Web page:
North Georgia women who expect to deliver their babies at Hutcheson Medical Center will have to go elsewhere by the end of this year. We first told you Wednesday about the hospital closing its labor and delivery services.
Hutcheson Medical Center’s interim CEO Farrell Hayes says by suspending the services, the hospital will save $2 million each year. Hospital officials say the medical center is currently $60 million in debt.
Jessica Teeters can't wait to meet her baby girl Madeline. She's due on New Year’s Day. But, Teeters hopes Madeline will come sooner.
"I want to have her at Hutcheson because it's closer and so I won't have to change hospitals, and I'm already planned, and I know where to go there," says Jessica Teeters.
If not, she'll be like many - who will have to drive several miles to another hospital. We did the math to find out distance of the closest hospitals from Hutcheson.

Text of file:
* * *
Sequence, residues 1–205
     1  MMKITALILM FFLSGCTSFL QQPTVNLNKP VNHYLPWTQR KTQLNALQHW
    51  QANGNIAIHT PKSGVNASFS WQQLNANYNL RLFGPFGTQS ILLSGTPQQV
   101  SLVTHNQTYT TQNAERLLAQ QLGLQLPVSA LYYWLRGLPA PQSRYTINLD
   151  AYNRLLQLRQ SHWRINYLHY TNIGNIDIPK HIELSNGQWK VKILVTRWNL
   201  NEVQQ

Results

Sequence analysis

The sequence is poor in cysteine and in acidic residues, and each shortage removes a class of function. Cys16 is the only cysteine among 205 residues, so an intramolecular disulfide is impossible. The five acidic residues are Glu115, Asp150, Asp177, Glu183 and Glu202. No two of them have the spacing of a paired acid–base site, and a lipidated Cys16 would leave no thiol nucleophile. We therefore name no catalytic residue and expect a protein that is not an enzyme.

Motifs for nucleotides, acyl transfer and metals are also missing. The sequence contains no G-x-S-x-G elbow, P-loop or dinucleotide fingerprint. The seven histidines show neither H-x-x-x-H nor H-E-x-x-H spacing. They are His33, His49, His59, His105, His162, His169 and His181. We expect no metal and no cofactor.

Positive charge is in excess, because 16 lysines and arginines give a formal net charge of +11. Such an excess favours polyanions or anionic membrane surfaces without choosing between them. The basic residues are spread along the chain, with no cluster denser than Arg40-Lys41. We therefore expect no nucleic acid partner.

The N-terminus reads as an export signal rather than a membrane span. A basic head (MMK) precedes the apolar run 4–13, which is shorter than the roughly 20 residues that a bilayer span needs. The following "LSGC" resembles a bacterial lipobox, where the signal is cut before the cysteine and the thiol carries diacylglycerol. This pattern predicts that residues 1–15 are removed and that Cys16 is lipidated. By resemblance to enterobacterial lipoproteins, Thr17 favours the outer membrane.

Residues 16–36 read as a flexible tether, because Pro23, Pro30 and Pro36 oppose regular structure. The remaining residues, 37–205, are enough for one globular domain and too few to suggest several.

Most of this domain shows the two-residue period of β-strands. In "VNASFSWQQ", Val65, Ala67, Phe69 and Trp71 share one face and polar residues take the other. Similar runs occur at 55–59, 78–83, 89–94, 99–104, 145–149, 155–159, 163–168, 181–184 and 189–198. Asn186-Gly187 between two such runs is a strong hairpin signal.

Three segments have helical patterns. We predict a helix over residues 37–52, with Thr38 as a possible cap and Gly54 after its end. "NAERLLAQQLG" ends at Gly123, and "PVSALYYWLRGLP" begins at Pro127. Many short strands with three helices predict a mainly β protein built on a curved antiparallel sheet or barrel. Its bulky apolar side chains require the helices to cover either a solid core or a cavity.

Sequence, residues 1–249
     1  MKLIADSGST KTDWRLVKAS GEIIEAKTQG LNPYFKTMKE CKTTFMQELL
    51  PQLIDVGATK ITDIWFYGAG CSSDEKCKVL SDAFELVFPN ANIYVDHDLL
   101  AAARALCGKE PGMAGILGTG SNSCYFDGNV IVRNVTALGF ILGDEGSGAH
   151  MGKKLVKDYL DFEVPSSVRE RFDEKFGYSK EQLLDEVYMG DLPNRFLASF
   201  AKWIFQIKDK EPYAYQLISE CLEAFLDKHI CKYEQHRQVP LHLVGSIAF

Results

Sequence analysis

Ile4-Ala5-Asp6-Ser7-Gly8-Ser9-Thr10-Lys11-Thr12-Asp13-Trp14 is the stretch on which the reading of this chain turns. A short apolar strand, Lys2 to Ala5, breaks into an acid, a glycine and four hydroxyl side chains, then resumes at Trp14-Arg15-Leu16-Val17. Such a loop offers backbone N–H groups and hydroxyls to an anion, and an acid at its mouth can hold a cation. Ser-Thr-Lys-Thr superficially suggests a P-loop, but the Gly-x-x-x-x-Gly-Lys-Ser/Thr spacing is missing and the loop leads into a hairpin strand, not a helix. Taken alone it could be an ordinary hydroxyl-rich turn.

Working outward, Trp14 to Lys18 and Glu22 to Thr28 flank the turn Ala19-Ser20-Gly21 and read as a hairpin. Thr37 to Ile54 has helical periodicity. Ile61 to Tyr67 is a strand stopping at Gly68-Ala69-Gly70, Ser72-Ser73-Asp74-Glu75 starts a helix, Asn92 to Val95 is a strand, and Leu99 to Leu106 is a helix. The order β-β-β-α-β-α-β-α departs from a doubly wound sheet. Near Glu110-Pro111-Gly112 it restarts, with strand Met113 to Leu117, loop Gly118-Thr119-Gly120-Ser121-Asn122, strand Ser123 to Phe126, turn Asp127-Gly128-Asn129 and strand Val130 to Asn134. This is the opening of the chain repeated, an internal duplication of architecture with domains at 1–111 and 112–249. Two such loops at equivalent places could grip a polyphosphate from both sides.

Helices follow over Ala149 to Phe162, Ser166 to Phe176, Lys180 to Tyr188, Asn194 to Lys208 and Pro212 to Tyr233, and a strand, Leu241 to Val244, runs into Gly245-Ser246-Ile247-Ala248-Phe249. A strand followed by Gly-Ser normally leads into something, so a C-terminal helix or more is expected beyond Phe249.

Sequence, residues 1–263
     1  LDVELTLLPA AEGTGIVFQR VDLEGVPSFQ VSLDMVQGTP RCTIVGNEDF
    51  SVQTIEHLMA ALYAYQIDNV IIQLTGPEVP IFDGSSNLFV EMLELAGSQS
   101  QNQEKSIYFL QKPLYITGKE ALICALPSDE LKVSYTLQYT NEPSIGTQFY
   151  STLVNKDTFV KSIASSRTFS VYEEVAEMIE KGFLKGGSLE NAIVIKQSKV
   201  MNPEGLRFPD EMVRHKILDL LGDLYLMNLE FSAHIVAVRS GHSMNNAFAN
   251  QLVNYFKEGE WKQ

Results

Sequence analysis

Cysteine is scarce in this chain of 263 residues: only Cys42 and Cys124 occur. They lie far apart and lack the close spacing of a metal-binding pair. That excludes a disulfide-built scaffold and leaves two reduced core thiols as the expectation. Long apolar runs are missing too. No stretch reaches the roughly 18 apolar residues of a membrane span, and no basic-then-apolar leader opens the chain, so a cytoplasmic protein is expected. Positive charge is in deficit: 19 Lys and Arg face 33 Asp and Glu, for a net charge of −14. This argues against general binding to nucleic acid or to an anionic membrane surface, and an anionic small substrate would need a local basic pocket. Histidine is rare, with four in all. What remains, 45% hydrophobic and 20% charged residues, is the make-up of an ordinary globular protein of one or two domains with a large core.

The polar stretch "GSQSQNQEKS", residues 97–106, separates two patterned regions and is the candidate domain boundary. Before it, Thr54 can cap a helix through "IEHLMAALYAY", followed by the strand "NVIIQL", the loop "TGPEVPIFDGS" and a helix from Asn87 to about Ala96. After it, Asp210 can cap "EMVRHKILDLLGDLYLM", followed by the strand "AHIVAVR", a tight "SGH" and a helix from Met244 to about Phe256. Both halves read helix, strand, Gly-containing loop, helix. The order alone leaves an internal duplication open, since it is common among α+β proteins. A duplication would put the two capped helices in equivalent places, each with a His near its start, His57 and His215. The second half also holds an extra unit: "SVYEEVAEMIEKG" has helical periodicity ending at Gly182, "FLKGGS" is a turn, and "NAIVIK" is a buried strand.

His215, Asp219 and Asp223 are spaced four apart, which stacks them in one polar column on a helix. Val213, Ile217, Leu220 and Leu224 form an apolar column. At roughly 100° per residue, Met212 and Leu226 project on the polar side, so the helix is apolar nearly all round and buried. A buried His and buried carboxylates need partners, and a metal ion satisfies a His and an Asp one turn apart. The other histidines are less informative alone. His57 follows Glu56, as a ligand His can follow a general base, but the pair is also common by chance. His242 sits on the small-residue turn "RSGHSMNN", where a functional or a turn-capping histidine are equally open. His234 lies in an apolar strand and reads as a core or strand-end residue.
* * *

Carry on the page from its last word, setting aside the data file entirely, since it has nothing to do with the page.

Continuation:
Park Ridge East in East Ridge is 6-miles away from Hutcheson. In Chattanooga, Erlanger Hospital is 13 miles away and Erlanger East is 10-miles away. Hamilton Medical Center in Dalton is 25-miles away.
"It's a little far; it's out of the way. I live in Flintstone so it's like driving 30-minutes to Chattanooga," says Jessica Teeters.
Hospital officials say Chattanooga hospitals deliver 60% of all babies born in Walker, Dade and Catoosa counties. Hutcheson loses $2 million dollars a year because of the steady drop in births.
"The fact is, by keeping labor and delivery opening, we'd have to subsidize it out the rest of the hospital, and we're just not strong enough to do that," says Hutcheson Medical Center interim CEO Farrell Hayes.
In all, 37 employees will be affected. Hayes say 12 employees will likely be offered other jobs within the hospital. The other 25 will get severance pay.
To save money, the hospital looks to reallocate resources.
"We're going to focus on the medical surgeon side of our hospital, the cancer part of our hospital and those areas that we have enough volume to make sense economically," says Hayes.
The hospital does still have a certificate that would allow it to resume services within the next year.
"If we don't get back in the business within one year, then we'll have to reapply for C-O-N in the future to get back in the business," says Hayes.
The hospital staff is calling around, making sure all expectant moms are aware of these changes. Officials say it's all to help the hospital gain profits.
By Jerry Askin